Many who oppose the idea of paying K-12 students for making high grades contend that it sends the wrong message to students because they become more focused on the money than learning. Well, if they are not focused on learning right now, then we need something to cause them to at least begin to think about improving their grades. When they start to think about improving their grades for the money, they will have to have some focus on learning because they must learn to get higher grades.

One of the greatest challenges we have in the K-12 educational pipeline today is ameliorating Black male academic achievement. Black male students academically underperform all students throughout the educational pipeline. Many Black male students in urban areas see that it’s easier to go make some money selling drugs than it is to go to school and do some homework that is not going to produce them some immediate money. They find that they cannot be concerned with thoughts about college in the future because they have to survive right now. Now, just imagine if we were able to tell these Black males that if they make high grades they can get paid for those grades. I am confident that many more of them would choose to become more engaged with their studies than with things that will lead them to incarceration.

Okay, let’s just say that my proposal to pay students for getting high grades does not dramatically improve academic achievement. That’s fine! We should be thankful for the students this proposal does help. What’s wrong with putting my proposal into action on a trial basis on a national level to see what happens. I really don’t see any serious harm that can be done by trying this out. Paying students for high grades just might be what we need to jumpstart academic achievement in this country!

Antonio Maurice Daniels

University of Wisconsin-Madison

Parental Involvement is Crucial to True Education Reform

Although many parents are highly involved in their children’s education, there are many who are not. If you are not seriously involved in your children’s education, you are just as responsible as their schools for not adequately serving your children. Parents, you cannot simply depend on schools to offer your children a comprehensive education. A comprehensive education encompasses children being intellectually stimulated and engaged in their studies when they are at home. If you are a parent who lacks the education to help your children with their homework, the least you can do is make sure they are doing their home and have frequent discussions with them about what they are studying and any problems they are having in school. By doing this, you will be able to see what your children’s teachers see as things you could be doing at home, based on your abilities, to aid them in improving their academic achievement. If you are not able to meet with your children’s teachers in person, arrange to speak with them on the phone, even if it’s just for a brief period of time. If you have access to a computer, then you could communicate with their teachers via email.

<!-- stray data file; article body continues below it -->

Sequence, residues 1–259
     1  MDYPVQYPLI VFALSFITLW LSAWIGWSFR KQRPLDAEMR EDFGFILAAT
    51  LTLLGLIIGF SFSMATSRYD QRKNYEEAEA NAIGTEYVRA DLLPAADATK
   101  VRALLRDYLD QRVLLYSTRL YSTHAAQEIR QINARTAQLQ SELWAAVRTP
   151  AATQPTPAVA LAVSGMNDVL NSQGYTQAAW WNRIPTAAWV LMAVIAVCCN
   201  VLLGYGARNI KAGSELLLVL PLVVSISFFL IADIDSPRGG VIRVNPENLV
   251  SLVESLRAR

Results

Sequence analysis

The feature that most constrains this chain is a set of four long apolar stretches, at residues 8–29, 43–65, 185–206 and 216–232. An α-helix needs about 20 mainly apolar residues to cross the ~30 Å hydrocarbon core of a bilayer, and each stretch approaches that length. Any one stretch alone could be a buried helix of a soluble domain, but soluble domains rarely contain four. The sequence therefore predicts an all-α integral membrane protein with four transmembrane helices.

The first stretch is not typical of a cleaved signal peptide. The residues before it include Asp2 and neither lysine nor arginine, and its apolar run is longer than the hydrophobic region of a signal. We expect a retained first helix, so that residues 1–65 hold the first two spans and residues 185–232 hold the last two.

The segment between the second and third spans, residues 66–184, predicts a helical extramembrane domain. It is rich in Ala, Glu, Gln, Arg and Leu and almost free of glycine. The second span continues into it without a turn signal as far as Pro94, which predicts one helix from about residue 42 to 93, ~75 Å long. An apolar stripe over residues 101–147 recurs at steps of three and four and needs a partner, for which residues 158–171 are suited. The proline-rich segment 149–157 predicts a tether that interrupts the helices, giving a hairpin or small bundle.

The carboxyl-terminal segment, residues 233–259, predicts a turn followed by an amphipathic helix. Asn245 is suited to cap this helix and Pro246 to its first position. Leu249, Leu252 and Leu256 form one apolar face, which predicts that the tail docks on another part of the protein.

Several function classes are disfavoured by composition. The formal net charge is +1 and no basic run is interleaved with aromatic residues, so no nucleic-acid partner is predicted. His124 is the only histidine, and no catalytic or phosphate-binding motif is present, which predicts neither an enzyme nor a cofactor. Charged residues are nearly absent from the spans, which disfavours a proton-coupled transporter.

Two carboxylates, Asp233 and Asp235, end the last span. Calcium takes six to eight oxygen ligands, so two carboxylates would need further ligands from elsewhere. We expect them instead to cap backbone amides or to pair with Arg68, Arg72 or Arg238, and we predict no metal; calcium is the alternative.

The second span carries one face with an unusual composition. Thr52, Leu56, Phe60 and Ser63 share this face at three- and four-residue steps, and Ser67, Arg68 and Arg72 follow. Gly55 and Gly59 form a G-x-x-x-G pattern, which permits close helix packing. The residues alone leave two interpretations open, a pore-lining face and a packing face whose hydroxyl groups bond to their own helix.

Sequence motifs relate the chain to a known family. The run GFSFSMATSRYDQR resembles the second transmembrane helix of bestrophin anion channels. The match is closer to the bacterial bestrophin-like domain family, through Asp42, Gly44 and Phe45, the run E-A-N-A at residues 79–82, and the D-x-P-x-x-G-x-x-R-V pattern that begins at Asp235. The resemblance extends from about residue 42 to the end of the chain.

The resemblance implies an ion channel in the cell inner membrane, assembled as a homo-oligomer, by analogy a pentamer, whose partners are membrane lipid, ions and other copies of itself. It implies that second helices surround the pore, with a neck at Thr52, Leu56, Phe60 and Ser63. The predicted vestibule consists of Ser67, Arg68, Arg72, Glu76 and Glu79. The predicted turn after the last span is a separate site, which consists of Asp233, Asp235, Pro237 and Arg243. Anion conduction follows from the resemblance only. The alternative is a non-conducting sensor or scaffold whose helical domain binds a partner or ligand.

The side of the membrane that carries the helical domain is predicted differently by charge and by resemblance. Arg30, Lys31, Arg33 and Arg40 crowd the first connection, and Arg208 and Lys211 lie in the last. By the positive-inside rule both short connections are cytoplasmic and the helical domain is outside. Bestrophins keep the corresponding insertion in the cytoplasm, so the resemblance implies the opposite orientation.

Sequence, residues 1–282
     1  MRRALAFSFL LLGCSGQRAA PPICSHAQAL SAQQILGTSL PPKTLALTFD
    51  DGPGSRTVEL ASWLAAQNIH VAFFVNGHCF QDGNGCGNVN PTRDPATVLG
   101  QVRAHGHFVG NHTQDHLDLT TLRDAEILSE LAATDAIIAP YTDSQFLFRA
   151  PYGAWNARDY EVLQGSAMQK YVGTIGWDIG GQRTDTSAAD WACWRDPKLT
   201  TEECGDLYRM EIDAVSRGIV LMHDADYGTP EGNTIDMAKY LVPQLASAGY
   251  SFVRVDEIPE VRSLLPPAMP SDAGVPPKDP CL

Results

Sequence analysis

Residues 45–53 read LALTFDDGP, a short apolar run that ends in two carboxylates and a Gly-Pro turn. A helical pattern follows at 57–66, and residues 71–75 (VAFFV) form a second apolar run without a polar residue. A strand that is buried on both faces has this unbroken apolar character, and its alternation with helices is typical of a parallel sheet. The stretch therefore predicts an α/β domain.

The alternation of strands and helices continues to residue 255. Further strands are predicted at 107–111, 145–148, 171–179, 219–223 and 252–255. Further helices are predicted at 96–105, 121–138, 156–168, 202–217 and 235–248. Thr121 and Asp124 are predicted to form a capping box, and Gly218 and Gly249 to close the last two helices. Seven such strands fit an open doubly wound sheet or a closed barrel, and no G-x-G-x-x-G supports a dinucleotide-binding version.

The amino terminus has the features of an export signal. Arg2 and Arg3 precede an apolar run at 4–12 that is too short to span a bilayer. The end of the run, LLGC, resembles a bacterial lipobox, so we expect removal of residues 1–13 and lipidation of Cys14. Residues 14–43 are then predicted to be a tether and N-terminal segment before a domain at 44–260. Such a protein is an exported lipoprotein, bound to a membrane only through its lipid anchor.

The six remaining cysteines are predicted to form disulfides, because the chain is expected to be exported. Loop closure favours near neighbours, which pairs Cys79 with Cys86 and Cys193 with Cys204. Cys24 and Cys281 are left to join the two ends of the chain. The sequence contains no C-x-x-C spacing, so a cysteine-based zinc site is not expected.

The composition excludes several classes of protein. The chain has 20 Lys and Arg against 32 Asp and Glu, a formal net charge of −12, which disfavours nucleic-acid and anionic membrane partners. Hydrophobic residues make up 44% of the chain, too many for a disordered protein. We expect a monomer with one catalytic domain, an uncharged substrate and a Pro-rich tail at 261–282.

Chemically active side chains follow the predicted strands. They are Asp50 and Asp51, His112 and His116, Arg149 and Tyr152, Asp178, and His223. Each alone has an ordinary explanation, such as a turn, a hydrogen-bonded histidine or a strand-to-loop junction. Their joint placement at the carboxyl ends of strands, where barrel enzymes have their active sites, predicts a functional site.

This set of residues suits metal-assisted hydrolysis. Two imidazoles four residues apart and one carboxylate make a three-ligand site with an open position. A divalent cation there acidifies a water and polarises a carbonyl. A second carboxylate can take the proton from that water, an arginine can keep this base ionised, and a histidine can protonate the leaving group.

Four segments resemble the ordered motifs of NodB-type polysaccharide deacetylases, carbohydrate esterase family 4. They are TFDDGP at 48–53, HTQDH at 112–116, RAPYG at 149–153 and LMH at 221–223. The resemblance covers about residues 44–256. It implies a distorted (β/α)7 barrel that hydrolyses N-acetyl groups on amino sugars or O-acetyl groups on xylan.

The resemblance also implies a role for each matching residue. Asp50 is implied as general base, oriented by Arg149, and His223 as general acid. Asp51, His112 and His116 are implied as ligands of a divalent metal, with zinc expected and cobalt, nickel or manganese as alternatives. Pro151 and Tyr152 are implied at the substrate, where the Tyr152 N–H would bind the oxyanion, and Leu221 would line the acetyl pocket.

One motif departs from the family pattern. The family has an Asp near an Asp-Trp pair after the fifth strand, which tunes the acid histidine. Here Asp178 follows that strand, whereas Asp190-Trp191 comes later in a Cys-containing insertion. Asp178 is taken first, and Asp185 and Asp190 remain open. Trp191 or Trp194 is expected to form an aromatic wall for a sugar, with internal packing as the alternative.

Instead of buying your children all of these toys for Christmas, get them some educational material and software that can improve their academic deficiencies. You have to find creative ways to be involved in your children’s education. Being actively involved in your children’s education helps them to recognize that their education should be a top priority because you take their education so seriously. When you are not actively involved in your children’s education, think about what intentional and unintentional values you are communicating to them.

Learning should not end when students leave school. You should work to create an environment in your home that is well-suited for learning to take place. Be sure that your children organize their rooms well so that their rooms become spaces where order and discipline are encouraged and expected. Valuing order and discipline has important transferability in their academic studies.

When your children are not doing well in school, you need to encourage them to do better. Don’t allow them to give up on their academic studies because they are having difficulties with certain subjects. If you don’t know how to do anything else, you can motivate them to keep trying. Let them know that you just want them to give their best efforts in school.

While I was in the K-12 educational pipeline, I had the great fortune to have parents who were tremendously involved and supportive of me achieving at the highest levels academically, athletically, and socially. Even though I did not need any assistance with my homework from them, they would always ask me probing queries about my school work and homework, which communicated to me that I could never stop striving to become a better and better student.

If you are a parent who has the time and ability to help another parent’s child to succeed, then I would encourage you to reach out to that parent and child. Parents, don’t simply blame schools, administrators, and/or teachers for your children’s educational outcomes. Become an active participant in the type of education your children receive.

Antonio Maurice Daniels

University of Wisconsin-Madison